Symptoms of an atypical pneumonia, such as mycoplasma pneumonia, are more variable and can include cough, dyspnea, and sputum production, as well as extrapulmonary manifestations.5-8 Fever typically is present. Children younger than age 5 years present with coryza and wheezing, while older children are more likely to develop bronchopneumonia.9 Radiographic features commonly include focal interstitial changes.10 In one prospective case series of 120 children, atelectasis was found in 29% of chest radiographs.10

Obstruction from a foreign body or compression from a mass also must be considered. While aspiration is lesson common in the older child, smaller objects such as nuts or pills are possible causes of foreign body obstruction. Foreign bodies lodged in smaller airways may cause secondary infection with fever, malaise, and cough.2 Bronchoscopy can be both diagnostic and therapeutic, allowing evaluation of the patency of airways and possibly the removal of sources of obstruction.

References:

1.Blankenbaker DG. The luftsichel sign. Radiology. 1998;208(2):319-320.

2.Peroni DG, Boner AL. Atelectasis: mechanisms, diagnosis and management. Paediatr Respir Rev. 2000;1(3):274-278.

3.Livingston GL, Holinger LD, Luck SR. Right middle lobe syndrome in children. Int J Pediatr Otorhinolaryngol. 1987;13(1):11-23.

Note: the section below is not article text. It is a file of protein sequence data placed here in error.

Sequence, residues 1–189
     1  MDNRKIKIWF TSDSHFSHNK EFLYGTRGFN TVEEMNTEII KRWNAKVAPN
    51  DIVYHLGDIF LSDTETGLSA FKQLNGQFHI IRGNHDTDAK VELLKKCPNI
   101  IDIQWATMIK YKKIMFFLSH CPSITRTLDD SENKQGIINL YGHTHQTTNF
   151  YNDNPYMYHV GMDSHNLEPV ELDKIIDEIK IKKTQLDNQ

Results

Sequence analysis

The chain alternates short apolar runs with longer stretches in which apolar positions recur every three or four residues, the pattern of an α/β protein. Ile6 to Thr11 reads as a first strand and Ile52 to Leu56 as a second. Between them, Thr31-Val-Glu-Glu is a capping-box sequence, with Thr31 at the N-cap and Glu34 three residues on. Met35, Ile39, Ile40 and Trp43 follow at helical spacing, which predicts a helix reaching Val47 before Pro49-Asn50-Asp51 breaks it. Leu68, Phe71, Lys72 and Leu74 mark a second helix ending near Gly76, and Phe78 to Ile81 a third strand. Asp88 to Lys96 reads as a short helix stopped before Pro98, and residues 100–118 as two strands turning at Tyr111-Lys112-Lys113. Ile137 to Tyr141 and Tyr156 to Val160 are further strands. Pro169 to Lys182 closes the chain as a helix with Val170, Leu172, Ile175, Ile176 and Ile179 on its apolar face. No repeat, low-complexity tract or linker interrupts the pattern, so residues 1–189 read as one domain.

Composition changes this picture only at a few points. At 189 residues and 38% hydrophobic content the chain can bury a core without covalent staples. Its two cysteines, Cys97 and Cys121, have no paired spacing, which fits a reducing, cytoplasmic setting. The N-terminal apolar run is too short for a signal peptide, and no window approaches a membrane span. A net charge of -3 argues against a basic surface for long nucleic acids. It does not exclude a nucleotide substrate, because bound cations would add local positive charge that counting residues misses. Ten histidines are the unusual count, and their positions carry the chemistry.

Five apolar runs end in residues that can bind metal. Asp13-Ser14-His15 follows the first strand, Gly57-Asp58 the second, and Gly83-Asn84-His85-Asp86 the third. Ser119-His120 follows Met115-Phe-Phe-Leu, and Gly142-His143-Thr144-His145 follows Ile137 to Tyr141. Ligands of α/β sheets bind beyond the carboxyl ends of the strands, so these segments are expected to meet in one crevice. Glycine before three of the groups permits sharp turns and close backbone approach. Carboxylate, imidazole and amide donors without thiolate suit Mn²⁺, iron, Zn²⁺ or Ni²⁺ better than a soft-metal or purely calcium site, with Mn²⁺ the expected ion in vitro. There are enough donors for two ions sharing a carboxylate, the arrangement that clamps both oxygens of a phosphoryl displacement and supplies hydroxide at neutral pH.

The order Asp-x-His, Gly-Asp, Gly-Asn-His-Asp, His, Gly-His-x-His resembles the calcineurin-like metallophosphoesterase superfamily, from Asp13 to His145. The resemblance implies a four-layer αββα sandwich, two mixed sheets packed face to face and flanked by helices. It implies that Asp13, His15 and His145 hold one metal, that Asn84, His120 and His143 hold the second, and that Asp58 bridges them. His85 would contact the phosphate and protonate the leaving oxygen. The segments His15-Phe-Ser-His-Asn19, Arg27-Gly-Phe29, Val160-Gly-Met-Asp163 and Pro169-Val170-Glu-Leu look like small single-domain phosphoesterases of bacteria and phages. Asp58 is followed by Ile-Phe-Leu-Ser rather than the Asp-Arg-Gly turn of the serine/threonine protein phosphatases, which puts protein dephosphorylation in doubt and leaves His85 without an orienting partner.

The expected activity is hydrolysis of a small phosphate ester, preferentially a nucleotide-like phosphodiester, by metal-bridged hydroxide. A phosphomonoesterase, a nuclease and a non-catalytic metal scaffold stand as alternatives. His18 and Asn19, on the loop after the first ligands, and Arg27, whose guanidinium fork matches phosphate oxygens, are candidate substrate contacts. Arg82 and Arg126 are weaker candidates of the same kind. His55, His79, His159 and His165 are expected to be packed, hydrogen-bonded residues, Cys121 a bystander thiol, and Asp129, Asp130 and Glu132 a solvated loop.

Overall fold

4.Virkki R, Juven T, Rikalainen H, Svedström E, Mertsola J, Ruuskanen O. Differentiation of bacterial and viral pneumonia in children. Thorax. 2002; 57(5):438-441.

5.Waites KB, Talkington DF. Mycoplasma pneumoniae and its role as a human pathogen. Clin Microbiol Rev. 2004;17(4):697-728.

6.Atkinson TP, Balish MF, Waites KB. Epidemiology, clinical manifestations, pathogenesis and laboratory detection of Mycoplasma pneumoniae infections. FEMS Microbiol Rev. 2008;32(6):956-973.

7.Cimolai N. Mycoplasma pneumoniae respiratory infection. Pediatr Rev. 1998;19(10):327-332.

8.Panigada S, Ullmann N, Gardella C, Ferrari C, Sacco O, Rossi GA. Bilobar atelectasis as clinical presentation of Mycoplasma pneumoniae infection. Pediatr Int. 2011;53(6):1100-1101.

9.Luby JP. Pneumonia caused by Mycoplasma pneumoniae infection. Clin Chest Med. 1991;12(2):237-244.

10.John SD, Ramanathan J, Swischuk LE. Spectrum of clinical and radiographic findings in pediatric mycoplasma pneumonia. Radiographics. 2001; 21(1):121-131.

Dr Flaherty is a third-year pediatrics resident at Baystate Medical Center/Tufts University School of Medicine in Springfield, Massachusetts. Dr Mitchell is a fifth-year radiology resident and Dr Kelly is an attending pediatric hospitalist, both at Baystate Medical Center.

William Yaakob, MD—Series Editor:Dr Yaakob is a radiologist in Tallahassee, Florida.